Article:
In John Green’s novel Looking for Alaska, the protagonist, Pudge, attempts to win over his new floormates by offering them a fun fact about himself: “Um, I know a lot of people’s last words.” As a fan (and a constant critic) of young adult novels, I immediately picked out this detail and classified it as unrealistic. I believed Pudge could perfectly recite the last words of over a dozen people as much as I believe non-religious TV characters can identify Bible passages when presented with some cryptic riddle or fake messiah. The brain is capable of a lot of things, but memorizing the entire Bible in case someone needs an emergency Jesus consult is not one of them. As much as I appreciated the clever tie-in to Alaska’s accident and Pudge’s labyrinth assignment, I was still not convinced that anyone could seriously have a talent or quirk as random as “dying declarations.”
That is, until I discovered my own.
A few months ago, I was sitting at a restaurant with my family discussing Taylor Swift’s dating history when I pointed out something I thought was common knowledge:
Me: Did you know she’s 5’10″? Harry Styles was only 5’11″ meaning she probably had to wear flats like, all the time. Otherwise, she’d be taller. But maybe it’s not actually a problem, because Taylor Lautner was only 5’9″.
Unbeknownst to me, my dinner party had stopped listening around the second sentence. Once I had finished name-dropping celebrities and their proximity to the earth, I leaned back and waited for the group to compliment me on my well-constructed argument. Instead, I got this:
Mom: Why do you know how tall these people are? Why do you know that?
The tone she was using was not exactly disgust. It was the kind of tone you’d here from someone who’s just endured a 3-hour long lecture on the psychological effects of emoticons or the real reason why cats purr. Her question had the undertone of blasphemy, not because she was particularly offended by my height statistics but because she was dumbfounded that anyone could think such information was important enough to remember for more than 5 seconds. She was confused but also intrigued, the way you might feel after seeing someone leave the gym not looking like the life had been drained out of them.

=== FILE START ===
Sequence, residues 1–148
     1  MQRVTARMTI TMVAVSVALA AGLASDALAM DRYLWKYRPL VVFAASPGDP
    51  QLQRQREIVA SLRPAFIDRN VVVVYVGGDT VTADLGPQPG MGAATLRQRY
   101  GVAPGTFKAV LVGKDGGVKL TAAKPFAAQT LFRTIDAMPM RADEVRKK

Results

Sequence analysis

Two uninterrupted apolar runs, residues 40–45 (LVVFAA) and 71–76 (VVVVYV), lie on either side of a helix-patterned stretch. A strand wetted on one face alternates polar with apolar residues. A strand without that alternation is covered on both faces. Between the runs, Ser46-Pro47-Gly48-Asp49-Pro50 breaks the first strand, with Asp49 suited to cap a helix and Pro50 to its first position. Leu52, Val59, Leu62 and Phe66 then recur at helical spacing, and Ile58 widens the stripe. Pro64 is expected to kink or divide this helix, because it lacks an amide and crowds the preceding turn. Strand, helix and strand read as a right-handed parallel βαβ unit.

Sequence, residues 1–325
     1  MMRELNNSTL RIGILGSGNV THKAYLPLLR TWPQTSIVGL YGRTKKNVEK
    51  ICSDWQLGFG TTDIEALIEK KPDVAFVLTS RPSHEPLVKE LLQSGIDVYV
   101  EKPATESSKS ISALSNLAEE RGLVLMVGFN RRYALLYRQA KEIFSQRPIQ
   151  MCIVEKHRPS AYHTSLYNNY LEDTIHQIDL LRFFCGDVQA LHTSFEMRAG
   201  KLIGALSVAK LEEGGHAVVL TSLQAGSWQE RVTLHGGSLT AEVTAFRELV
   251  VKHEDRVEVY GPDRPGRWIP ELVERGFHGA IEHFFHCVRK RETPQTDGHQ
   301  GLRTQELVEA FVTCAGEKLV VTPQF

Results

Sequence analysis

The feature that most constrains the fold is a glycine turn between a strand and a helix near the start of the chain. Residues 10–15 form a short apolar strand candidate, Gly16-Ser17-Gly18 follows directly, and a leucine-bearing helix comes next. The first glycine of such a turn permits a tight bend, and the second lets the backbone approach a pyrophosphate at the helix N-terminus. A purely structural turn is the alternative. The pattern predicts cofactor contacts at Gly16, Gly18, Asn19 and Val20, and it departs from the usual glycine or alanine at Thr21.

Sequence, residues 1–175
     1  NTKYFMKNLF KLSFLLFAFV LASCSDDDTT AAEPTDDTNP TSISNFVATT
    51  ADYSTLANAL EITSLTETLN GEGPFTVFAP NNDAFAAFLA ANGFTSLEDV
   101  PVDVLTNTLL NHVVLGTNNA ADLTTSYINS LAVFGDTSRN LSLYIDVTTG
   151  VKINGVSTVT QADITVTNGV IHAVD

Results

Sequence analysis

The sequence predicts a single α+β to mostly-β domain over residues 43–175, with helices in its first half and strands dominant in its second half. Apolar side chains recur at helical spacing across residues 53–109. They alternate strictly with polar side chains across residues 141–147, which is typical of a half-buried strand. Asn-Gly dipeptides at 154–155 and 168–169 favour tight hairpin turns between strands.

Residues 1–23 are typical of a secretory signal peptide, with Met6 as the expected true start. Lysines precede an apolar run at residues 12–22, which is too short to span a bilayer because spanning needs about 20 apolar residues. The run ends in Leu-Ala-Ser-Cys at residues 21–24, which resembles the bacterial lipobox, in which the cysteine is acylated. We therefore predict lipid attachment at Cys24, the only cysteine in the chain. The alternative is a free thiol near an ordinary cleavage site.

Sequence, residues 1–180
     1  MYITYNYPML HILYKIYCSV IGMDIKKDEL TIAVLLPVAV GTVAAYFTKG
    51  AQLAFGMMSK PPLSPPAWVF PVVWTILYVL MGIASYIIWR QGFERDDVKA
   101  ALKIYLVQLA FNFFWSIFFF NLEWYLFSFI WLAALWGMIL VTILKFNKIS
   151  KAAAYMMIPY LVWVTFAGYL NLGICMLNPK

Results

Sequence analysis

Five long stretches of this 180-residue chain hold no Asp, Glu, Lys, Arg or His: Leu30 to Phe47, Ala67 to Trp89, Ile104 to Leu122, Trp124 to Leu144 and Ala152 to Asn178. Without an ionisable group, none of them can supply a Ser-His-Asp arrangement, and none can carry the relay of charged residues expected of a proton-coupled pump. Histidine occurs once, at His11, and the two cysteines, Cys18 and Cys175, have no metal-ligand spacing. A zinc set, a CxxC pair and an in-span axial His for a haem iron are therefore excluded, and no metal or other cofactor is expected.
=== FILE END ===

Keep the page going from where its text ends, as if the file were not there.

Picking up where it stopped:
Mom: …how tall is Ryan Seacrest?
Me: He always looks pretty short on TV but he’s actually like 5’8″. But you know who’s really short? Danny Devito. He’s 4’11″. He doesn’t even have a growth defect or anything, he’s just short.
Mom: Hayden Panettiere?
Me: 5’0″ exactly. Her boyfriend is 6’6″. I don’t really understand how that works.
Before I could even realize what was happening, my mom was throwing her nervous look around the table to see if anyone else had caught my extraordinary display of weirdness. It was at that moment that I understood Pudge’s idiosyncrasy, his unnatural fascination with dying last words. It was not something that he developed intentionally. (I mean, I doubt anyone sits in their room and thinks “You know what I’m missing? An extensive knowledge of dying last words. Let’s work on that.”) No, the obsession simply collected in his mind, probably gradually, without his knowledge, until it had created a permanent settlement in his brain that was too hard to evict. Likewise, I had mentally recorded celebrity heights, not for any scientific reason (Was there a correlation between height and Taylor Swift’s romantic feelings? Not that I could tell.) but because some nerdy particle in my brain decided that it wanted to hold onto that information for future use. Then that one particle recruited other particles and before I even knew it, there was an entire department in my subconscious dedicated to the subject. (I’d attempt to shut the whole operation down but its members are too powerful. Anything that can survive the brain purge that happens before a big test or research paper cannot be defeated in one day, by one person.)